I'm being charitable in saying our average weight was above 200 pounds. Even with this load, including the post-corned-beef leg of the journey, the four-cylinder proved to be the little engine that could. It was definitely not as quick as it was with one occupant, but it still had the oomph to get us going without strain. I don't think the engine is less noisy at full throttle than those of comparable cars in part because there's a variable valve in the muffler that opens at about 3,000 rpm but the available torque means you rely on full throttle far less in the tC. The result is a quieter ride.
I asked these fellows how much they thought this car cost. Knowing nothing of the Scion brand and what it represents, they guessed $33,000, $30,000 and $28,000. Despite being friends of mine, these guys are actually rather bright, and the tC fooled them good. Safety Standard safety features include dual-stage front airbags that deploy at one of two speeds depending on crash severity. Also standard is a knee airbag for the driver. These protect the driver's legs and prevent submarining, where the occupant slides down and forward under the seat belt. The aforementioned factory options include side-impact airbags for the front seats and side curtain-type airbags that deploy downward along the front and rear side windows.
All five seats have lap-and-shoulder seat belts and head restraints that raise high enough for an adult even the center rear one. The front pair adjusts for height and pitch. Nice. The backseat is contoured, which makes child-safety-seat installation a challenge, but the roominess makes it doable. Cargo & Towing The secret to the tC's interior roominess is the way it shares space between the cabin and the cargo area, something pickup trucks and sport utility vehicles have been doing for a while. Folding, 60/40-split backseats aren't something new, but cars often divide the area behind the front seats into a backseat and cargo area that both represent compromise. In the tC, you get a roomy backseat or a roomy cargo hatch. The cost is that you don't get both at once. With the backseat raised, cargo volume is about 12.8 cubic feet closer to that of a trunk (the Civic coupe has 12.9 cubic feet). Though the liftgate opening is nice and large, the cargo floor is rather high near the back. When the seats are folded, however, the volume more than doubles, with a cargo floor that measures 59.7 inches from the liftgate to the front seats.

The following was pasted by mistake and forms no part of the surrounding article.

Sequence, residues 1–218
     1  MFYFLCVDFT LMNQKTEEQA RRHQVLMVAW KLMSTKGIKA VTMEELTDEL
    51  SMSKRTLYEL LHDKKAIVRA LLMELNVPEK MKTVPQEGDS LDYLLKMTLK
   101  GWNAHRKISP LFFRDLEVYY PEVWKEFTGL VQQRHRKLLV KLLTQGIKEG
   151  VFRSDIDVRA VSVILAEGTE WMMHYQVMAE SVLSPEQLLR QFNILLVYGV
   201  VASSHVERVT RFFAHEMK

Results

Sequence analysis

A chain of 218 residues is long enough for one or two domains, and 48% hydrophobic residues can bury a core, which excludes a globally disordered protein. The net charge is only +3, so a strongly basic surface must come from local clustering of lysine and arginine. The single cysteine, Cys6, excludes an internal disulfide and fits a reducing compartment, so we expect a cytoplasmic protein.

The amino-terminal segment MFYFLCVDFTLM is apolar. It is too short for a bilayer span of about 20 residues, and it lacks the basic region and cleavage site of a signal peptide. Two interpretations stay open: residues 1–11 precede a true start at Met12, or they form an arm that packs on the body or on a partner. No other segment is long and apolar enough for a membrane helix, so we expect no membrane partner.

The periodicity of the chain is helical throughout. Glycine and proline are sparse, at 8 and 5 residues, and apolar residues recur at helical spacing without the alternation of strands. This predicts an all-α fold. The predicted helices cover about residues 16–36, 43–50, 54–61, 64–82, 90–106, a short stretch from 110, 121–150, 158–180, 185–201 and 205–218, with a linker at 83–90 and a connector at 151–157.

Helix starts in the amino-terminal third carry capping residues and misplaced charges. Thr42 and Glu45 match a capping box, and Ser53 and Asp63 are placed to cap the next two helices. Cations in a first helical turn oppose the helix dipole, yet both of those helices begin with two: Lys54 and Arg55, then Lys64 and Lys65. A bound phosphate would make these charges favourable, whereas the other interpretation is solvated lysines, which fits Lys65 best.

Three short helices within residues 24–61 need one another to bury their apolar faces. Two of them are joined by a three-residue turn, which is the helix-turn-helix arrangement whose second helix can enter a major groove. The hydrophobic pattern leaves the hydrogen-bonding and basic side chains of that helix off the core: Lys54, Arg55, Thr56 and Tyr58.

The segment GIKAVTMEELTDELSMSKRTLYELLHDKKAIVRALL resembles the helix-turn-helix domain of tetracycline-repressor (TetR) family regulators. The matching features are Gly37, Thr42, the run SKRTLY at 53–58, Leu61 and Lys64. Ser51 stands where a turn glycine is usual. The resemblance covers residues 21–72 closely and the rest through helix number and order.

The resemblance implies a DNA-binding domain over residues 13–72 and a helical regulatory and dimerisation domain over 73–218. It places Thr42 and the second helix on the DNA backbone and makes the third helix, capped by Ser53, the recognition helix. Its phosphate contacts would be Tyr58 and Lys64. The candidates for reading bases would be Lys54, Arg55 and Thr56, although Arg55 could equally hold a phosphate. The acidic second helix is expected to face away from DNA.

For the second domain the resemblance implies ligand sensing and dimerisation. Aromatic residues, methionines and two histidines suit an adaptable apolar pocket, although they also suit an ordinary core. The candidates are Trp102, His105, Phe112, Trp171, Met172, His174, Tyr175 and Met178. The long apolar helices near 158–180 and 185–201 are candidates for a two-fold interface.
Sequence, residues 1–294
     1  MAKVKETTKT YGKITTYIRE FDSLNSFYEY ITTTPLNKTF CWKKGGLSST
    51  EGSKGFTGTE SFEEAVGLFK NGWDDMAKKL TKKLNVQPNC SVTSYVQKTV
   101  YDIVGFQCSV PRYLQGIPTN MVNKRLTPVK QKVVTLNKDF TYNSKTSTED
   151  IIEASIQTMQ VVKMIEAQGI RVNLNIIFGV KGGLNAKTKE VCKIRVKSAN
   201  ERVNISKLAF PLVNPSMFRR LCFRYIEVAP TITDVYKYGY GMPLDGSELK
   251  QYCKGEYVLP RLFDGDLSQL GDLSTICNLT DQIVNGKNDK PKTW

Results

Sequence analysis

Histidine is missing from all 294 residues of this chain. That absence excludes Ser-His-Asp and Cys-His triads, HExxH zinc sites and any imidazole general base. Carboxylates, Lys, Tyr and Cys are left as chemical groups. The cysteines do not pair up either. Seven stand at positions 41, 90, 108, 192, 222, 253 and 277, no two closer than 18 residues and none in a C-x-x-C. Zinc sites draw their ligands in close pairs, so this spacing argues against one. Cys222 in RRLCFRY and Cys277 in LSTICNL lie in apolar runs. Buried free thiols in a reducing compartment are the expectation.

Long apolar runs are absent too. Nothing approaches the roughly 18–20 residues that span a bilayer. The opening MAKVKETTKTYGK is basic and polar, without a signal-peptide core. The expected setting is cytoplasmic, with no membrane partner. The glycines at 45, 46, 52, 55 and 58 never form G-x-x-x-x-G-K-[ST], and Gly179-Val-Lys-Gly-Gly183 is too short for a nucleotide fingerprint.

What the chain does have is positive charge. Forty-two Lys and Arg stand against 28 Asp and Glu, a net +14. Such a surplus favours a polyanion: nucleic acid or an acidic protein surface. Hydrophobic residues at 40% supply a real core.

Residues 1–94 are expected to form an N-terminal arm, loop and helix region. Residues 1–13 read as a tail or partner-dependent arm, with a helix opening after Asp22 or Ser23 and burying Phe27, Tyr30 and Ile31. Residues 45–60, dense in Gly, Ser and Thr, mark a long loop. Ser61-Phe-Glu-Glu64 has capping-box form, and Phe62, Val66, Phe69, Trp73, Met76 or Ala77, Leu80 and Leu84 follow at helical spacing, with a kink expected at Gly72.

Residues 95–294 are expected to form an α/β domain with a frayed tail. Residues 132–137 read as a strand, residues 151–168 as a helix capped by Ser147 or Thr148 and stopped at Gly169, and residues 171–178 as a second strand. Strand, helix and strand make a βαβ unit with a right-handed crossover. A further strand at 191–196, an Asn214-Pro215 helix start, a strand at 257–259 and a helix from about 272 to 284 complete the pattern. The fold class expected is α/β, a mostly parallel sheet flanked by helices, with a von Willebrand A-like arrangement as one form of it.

Scion says the tC is not intended for trailer towing. Features Lists of all the standard and optional features are available by clicking on the categories to the left. Take a look and you'll find a generous helping of standard features. There are some you'd expect to be options or to find in a more expensive car, such as one-touch up/down windows, a tire pressure warning system, dual moonroofs (the front of which vents and slides open) each equipped with a retractable sun shade, side-mirror turn signal lights, remote keyless entry, an MP3-capable CD stereo, a cargo cover, and damped motion of the glovebox door, grab handles and the stereo cover.
There are features missing here and there. The side mirrors don't fold. Heated seats aren't offered. The visors, though covered in nice cloth, don't extend and have non-illuminated mirrors.
The dealer options are too many and diverse for us to keep up with. Many are appearance and performance upgrades. The more mundane but functional ones include front fog lamps, an in-dash six-CD changer and a Bazooka brand subwoofer. tC in the Market The Scion brand may be aimed at young buyers, but this more conventional model has much broader appeal. At last count, 66 percent of Toyota dealerships had taken on the product line and signed the Scion Covenant, which requires, among other things, that the models be sold with no-haggle pricing. Each dealership gets to set the "Pure Price," as it's called, to account for regional differences, but that price is non-negotiable something young buyers value, according to Scion research.
Shortly after the tC went on sale, Toyota announced that it would discontinue the more-expensive Celica after the 2005 model year. That makes the tC the company's only coupe close to this price range and its first in more than 20 years in this affordable class. Honda sells roughly 125,000 Civic coupes per year, and Scion hopes to move 100,000 tCs in this model year. If people catch on to the new brand name and the model's quality and versatility, that number is possible. In my estimation, the tC could easily become a favorite among young "tuners" who got their start by modifying Civics. To this subculture, which was disappointed by the Civic's 2001 redesign, the tC's potential is endless.